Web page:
Syngenta Vegetables Seeds has exercised reasonable care and skill in compiling this content.
All resistances quoted refer only to strains of races or pathotypes indicated on the varieties. Other pathogen races or pest biotypes capable of overcoming the resistance may exist or emerge.
Syngenta Vegetables Seeds uses highly elaborate analytical methods to verify specific variety resistances. Specificity of pests or pathogens may vary over time and space and depends on environmental factors.
In order to maximize the efficiency of a resistance, it is highly recommended to mix different ways of control such as growing conditions, plant protection products and genetic resistance as part of an integrated crop management.
The latest International Seed Federation (I.S.F.) terms and definitions describing the reaction of plants to pests and pathogens and to abiotic stresses for the vegetable seed industry are hereby incorporated by reference. The meaning of such terms in any related statement made by Syngenta shall be as provided by the I.S.F. If Syngenta adopts a proper term to define the reaction of plants to pests and pathogens and to abiotic stresses, Syngenta shall inform the customers of such term and of its definition.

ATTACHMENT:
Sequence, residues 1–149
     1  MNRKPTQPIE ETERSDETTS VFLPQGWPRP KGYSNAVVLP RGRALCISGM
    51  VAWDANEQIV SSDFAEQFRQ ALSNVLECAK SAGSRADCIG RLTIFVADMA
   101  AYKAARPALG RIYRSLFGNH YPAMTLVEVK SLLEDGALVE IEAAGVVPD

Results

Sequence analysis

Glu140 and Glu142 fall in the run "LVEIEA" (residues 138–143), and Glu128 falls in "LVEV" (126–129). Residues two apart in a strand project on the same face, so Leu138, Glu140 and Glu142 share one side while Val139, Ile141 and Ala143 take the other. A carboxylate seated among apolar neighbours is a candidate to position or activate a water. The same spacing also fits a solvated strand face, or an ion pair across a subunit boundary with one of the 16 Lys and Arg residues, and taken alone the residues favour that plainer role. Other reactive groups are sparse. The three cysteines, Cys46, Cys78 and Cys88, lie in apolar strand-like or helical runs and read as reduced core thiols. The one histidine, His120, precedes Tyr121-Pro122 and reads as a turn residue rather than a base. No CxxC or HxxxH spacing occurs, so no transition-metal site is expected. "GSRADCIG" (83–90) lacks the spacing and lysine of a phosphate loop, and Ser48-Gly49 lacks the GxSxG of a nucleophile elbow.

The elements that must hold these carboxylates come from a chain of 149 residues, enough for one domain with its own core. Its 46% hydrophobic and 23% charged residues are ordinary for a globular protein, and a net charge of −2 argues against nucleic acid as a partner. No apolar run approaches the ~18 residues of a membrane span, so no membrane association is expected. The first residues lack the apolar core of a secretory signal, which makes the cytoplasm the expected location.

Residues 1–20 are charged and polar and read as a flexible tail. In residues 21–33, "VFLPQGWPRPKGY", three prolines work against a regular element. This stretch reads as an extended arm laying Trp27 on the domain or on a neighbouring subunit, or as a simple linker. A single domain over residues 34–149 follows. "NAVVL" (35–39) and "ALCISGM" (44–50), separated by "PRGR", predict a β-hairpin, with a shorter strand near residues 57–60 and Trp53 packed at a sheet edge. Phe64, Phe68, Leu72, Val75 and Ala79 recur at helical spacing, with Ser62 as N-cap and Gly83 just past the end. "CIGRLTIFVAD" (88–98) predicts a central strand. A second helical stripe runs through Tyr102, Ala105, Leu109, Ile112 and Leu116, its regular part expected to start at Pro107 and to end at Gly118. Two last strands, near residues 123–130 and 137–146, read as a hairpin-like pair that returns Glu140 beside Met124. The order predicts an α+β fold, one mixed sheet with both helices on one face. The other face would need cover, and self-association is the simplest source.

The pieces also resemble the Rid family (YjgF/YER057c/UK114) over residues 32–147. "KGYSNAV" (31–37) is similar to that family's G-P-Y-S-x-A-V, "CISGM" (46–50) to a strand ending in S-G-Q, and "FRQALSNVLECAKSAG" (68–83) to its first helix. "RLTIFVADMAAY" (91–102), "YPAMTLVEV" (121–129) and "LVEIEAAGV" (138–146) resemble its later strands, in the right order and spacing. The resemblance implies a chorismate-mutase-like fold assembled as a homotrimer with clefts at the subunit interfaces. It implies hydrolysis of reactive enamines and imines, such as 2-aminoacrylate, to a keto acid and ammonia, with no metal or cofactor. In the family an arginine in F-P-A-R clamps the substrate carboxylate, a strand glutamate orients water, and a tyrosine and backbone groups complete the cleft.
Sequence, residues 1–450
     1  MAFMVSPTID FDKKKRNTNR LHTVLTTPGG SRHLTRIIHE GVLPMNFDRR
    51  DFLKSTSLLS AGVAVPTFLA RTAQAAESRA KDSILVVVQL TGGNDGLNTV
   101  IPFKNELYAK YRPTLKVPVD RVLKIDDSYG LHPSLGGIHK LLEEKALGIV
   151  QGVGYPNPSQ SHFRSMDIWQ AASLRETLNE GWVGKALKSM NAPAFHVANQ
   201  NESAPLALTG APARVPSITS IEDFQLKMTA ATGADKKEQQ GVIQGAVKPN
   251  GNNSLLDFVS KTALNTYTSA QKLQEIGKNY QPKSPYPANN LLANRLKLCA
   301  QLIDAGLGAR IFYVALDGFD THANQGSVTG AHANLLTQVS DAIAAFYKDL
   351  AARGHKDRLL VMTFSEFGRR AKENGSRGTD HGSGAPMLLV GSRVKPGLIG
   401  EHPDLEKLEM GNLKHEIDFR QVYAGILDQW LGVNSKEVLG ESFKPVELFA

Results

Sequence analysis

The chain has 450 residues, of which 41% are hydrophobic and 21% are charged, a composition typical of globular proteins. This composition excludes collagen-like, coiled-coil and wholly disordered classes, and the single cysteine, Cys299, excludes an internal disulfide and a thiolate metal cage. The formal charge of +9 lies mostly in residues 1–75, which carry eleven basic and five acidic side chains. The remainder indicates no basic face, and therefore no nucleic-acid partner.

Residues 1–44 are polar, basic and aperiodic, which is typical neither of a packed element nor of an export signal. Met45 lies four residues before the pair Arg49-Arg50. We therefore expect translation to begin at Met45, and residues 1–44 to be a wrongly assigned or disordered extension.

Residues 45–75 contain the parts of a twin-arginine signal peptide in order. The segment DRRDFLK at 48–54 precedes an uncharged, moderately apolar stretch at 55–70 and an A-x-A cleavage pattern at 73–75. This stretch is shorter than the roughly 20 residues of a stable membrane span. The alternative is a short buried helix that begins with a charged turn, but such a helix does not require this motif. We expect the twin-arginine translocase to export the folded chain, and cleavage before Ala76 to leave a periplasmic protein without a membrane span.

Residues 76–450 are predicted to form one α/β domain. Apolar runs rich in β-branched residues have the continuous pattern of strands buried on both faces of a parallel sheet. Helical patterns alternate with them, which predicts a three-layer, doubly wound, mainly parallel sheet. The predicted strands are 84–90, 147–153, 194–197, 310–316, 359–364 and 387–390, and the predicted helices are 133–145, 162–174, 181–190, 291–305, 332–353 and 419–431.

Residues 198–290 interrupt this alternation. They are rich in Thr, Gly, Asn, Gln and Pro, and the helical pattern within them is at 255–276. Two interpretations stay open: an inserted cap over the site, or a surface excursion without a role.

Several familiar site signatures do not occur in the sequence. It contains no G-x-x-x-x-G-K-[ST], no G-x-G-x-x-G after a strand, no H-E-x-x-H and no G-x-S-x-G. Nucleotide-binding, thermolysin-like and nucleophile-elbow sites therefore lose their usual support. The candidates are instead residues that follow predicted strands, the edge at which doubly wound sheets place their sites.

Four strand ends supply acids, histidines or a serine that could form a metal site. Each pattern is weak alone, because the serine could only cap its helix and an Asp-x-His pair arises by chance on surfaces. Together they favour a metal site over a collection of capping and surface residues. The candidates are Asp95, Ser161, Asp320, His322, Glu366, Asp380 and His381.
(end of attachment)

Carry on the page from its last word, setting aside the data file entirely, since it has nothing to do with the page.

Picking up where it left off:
All data in this site are intended for general guidance only and the user should apply it in accordance with his own knowledge and experience of local conditions. In case of doubt we recommend that a small scale trial production be carried out to determine how local conditions may affect the variety.
Syngenta Vegetables Seeds cannot accept any liability in connection with this content.
The Syngenta resistance against clubroot is effective against the predominant races Pb:0 and Pb:1 and against the less frequent race Pb:3 but not against the infrequent race Pb:2 that may occur in some fields. Genetic resistance is only one of the tools to manage clubroot. Culture measures such as liming, use of fertilizers with high percentage of calcium, proper drainage, good crop hygiene management are several of important components of an integrated approach to manage the disease. We always recommend to first execute small variety trials before starting commercial production of a new variety.